Con and Eva : Gendering Revolution exhibition

Con and Eva : Gendering Revolution exhibition at the Irish World Heritage Centre, Manchester

An exhibition co-curated by Fionna Barber (Reader in Art History, Manchester School of Art) has opened at the Irish World Heritage Centre (IWHC) in Cheetham Hill and will be on display until June 30.

The result of an international collaboration with Laura McAtackney from Aarhus University in Denmark and Katherine O’Donnell from University College Dublin, Con and Eva: Gendering Revolution uses archival resources mainly from the Public Records Office of Northern Ireland to investigate the revolutionary lives of two sisters, Constance Markievicz and Eva-Gore Booth.

Constance, who originally trained as an artist, became one of the leaders of the Easter Rising in Ireland in 1916 before becoming the first woman to be elected to the House of Commons in 1918, although she never took up her seat.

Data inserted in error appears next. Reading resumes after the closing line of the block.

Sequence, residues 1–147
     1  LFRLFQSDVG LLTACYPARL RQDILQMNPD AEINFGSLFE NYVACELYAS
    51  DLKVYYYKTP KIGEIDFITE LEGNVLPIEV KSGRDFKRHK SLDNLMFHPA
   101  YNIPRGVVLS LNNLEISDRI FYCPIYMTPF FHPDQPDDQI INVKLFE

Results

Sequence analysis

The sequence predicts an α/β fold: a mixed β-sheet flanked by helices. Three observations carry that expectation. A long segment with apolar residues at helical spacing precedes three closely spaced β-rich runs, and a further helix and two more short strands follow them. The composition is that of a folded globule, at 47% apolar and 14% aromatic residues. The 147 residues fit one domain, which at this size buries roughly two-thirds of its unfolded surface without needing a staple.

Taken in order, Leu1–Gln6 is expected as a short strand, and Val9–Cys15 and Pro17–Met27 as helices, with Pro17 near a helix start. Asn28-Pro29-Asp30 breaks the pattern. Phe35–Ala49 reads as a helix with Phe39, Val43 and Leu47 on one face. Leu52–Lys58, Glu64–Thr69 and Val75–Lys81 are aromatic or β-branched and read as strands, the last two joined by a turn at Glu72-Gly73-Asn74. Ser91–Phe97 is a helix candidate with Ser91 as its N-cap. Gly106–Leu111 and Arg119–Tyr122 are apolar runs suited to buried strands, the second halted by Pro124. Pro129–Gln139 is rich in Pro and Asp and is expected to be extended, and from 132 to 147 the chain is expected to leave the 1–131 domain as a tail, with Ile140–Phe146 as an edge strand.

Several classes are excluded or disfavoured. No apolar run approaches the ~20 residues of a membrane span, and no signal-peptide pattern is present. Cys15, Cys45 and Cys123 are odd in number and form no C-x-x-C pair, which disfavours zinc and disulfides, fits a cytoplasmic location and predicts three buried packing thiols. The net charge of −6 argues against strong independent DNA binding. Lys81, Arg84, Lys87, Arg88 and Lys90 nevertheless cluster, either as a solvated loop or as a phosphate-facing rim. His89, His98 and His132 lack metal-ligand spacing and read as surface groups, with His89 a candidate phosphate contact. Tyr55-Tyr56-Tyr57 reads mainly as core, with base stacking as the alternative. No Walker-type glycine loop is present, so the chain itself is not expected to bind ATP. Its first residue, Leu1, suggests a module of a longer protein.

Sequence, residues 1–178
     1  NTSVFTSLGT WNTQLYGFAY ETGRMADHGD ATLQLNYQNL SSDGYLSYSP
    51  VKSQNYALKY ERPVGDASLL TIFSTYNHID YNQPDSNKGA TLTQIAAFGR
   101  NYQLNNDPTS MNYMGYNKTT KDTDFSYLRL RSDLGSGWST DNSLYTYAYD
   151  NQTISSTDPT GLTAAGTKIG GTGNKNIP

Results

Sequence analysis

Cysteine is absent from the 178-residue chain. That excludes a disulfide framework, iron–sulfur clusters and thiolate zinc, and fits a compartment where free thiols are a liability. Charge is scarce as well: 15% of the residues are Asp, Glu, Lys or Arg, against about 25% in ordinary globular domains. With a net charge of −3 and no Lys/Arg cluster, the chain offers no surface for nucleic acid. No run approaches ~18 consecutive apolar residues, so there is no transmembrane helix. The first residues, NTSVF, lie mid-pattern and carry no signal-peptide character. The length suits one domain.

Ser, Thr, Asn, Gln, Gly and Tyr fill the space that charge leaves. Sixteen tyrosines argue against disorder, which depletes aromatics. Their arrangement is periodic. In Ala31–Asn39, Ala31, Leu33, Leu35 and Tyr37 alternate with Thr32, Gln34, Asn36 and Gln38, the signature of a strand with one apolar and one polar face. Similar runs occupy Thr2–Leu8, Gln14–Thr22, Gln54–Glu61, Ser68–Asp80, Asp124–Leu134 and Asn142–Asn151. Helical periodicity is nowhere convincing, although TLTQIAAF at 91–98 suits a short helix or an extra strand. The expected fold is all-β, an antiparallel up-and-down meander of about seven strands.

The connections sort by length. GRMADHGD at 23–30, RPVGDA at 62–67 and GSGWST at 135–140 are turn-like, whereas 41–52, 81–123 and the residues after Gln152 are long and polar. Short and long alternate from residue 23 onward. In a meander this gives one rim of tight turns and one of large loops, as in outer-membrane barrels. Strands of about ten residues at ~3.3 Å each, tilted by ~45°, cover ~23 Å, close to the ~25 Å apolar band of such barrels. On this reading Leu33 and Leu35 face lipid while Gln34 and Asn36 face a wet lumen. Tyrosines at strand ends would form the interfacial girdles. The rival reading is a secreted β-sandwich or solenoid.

Eva, on the other hand, was not only a poet and playwright but a social reformer and pacificist who, with her life-long partner Esther Roper, was also a prominent campaigner for women’s suffrage in Manchester.

The exhibition opened on Friday March 10 with a well-attended and lively symposium featuring presentations from each of the curators exploring the legacy of Con and Eva for contemporary Irish women’s activism.

con and eva

It was chaired by Dr Kate Cook, Director of the Sylvia Pankhurst Gender Research Centre at MMU, and also featured an address from Ruaidhri Dowling, First Secretary for Irish Community and Culture at the Irish Embassy.

This event was part of Wonder Women, Manchester’s annual feminist festival and was supported by the Irish Department of Foreign Affairs and Trade through their Emigrant Support Funding Programme and the Sylvia Pankhurst Gender Research Centre.